Back in November, T-Mobile introduced a program called Binge On that would allow customers to stream an unlimited amount of video to their devices without it counting toward their data plan, as long as that video came from one of their partners.
Today, the firm has announced a number of new partners, including YouTube, Baeble Music, Discovery Go, ESNE TV, FilmOn.TV, Fox Business, Google Play Movies, KlowdTV, and Red Bull TV, bringing the grand total to 52 Binge On partners.
This is very significant news for T-Mobile subscribers, as YouTube has been an issue of controversy for the service. First, here's how Binge On works:
When the user attempts to watch a video, it downgrades the video to a lower resolution, thus using less cellular data. The point of controversy is that Binge On doesn't just downgrade the videos that are broadcast from partners, but all streaming video. Users would report additional lag from sites such as YouTube, citing the fact that non-partners didn't have the proper technology in place as the reason.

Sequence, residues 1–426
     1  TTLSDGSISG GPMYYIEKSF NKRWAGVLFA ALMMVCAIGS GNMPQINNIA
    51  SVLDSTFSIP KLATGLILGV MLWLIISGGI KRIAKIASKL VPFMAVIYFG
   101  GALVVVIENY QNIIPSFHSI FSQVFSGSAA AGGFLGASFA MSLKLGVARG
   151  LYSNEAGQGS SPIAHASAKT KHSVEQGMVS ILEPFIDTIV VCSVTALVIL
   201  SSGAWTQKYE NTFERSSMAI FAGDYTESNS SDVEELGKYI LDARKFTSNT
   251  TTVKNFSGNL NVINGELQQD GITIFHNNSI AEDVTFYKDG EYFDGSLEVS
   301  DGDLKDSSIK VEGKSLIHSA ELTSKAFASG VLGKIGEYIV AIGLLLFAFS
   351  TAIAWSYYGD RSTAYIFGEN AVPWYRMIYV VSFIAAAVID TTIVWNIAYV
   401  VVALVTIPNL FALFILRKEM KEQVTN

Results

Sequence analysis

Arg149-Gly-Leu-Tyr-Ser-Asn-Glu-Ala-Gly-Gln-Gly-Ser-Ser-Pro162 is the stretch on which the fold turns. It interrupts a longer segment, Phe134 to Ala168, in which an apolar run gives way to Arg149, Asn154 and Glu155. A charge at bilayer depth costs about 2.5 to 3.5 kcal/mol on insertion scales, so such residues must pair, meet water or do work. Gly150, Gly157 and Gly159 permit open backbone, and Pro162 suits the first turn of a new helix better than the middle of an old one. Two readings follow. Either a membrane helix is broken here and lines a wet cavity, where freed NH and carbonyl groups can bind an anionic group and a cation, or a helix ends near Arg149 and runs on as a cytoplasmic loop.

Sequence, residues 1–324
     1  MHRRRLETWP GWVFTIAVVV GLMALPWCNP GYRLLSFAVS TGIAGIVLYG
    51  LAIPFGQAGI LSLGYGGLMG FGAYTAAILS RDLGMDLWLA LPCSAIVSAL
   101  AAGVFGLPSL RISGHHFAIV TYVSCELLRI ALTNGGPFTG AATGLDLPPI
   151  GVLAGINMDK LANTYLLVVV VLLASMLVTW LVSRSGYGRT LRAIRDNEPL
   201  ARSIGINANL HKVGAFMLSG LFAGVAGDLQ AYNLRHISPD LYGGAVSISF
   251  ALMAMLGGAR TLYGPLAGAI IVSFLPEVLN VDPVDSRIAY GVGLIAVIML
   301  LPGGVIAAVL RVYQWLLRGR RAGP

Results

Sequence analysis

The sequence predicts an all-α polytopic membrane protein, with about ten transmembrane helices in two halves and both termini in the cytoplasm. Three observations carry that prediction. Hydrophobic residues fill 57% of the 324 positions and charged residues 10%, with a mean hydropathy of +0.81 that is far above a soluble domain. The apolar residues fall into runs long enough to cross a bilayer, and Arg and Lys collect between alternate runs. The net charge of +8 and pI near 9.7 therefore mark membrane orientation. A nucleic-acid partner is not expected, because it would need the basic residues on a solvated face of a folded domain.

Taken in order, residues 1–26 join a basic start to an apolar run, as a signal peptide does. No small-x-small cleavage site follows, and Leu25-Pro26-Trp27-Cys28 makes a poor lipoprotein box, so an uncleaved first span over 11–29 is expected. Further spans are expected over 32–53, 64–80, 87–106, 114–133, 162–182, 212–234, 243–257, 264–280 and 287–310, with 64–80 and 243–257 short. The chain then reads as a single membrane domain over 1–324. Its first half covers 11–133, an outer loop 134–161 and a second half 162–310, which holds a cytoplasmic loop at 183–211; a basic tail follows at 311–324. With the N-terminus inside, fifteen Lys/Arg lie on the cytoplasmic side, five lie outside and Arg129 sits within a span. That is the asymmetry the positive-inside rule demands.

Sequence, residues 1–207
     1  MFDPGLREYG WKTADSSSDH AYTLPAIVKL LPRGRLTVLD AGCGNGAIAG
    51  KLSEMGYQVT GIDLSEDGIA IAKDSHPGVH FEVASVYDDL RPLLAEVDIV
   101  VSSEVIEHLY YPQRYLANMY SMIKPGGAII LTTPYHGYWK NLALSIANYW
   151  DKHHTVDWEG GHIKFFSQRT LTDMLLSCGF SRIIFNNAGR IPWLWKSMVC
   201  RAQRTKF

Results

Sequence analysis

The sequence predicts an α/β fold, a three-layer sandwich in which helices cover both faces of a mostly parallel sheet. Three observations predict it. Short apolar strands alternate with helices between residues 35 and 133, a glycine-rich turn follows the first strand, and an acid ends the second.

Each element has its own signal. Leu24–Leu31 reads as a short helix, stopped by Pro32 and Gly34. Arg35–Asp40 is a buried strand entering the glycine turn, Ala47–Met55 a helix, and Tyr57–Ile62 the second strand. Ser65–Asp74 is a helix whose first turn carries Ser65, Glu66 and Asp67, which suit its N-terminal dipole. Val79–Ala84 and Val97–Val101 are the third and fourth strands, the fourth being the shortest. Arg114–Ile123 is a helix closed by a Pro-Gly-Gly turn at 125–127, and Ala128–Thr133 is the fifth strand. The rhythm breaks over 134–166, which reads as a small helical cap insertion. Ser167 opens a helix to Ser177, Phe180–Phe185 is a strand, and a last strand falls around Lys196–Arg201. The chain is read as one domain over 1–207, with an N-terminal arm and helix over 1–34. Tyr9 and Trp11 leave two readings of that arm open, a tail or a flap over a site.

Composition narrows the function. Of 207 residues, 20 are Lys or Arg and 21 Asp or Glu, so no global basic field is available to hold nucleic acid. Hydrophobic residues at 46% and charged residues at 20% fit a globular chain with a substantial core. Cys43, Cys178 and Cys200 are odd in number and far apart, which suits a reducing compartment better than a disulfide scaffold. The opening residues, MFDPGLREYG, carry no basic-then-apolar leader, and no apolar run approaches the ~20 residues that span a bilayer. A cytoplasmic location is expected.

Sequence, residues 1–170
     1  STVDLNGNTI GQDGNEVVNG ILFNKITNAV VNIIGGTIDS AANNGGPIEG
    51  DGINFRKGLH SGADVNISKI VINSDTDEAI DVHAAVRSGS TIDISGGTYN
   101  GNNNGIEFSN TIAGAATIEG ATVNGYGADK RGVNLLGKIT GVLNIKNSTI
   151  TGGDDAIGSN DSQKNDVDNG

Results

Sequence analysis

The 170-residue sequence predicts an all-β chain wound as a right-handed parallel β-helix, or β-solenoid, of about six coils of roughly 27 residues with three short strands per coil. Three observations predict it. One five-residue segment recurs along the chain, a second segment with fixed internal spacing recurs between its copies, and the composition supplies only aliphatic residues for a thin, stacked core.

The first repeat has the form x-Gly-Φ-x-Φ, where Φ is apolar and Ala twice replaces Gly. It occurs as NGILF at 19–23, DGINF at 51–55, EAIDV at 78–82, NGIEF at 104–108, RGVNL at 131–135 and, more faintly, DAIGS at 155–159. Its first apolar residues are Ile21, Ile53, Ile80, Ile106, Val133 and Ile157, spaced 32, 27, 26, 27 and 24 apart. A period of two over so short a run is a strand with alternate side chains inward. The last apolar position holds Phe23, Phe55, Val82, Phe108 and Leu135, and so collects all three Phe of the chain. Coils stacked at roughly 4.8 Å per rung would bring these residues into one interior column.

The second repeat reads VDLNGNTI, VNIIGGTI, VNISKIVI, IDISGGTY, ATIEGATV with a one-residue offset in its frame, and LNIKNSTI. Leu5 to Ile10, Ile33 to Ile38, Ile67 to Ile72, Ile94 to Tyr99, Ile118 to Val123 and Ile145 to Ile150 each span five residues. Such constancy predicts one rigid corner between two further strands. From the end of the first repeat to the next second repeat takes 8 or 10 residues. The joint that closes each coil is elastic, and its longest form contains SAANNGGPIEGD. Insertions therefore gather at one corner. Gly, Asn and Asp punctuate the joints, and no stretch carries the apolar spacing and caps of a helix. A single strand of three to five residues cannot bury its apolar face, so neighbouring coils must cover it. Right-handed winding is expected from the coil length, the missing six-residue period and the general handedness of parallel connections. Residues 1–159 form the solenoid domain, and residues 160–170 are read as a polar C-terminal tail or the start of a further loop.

There is also speculation that the service violates Net Neutrality, since some video sources don't count toward the user's data cap but other video sources do. T-Mobile CEO John Legere refuted this accusation by stating that the service is open for any video provider to join.
In a step toward ending this controversy, the firm is also allowing for video content providers to opt out of the program, or choose which videos get downgraded when streaming. According to Google's blog post, this was what got them on board.
There is no doubt that YouTube was the biggest thing missing from T-Mobile's Binge On program. The firm states that the combined Binge On partners make up for 70% of all video streamed on their devices.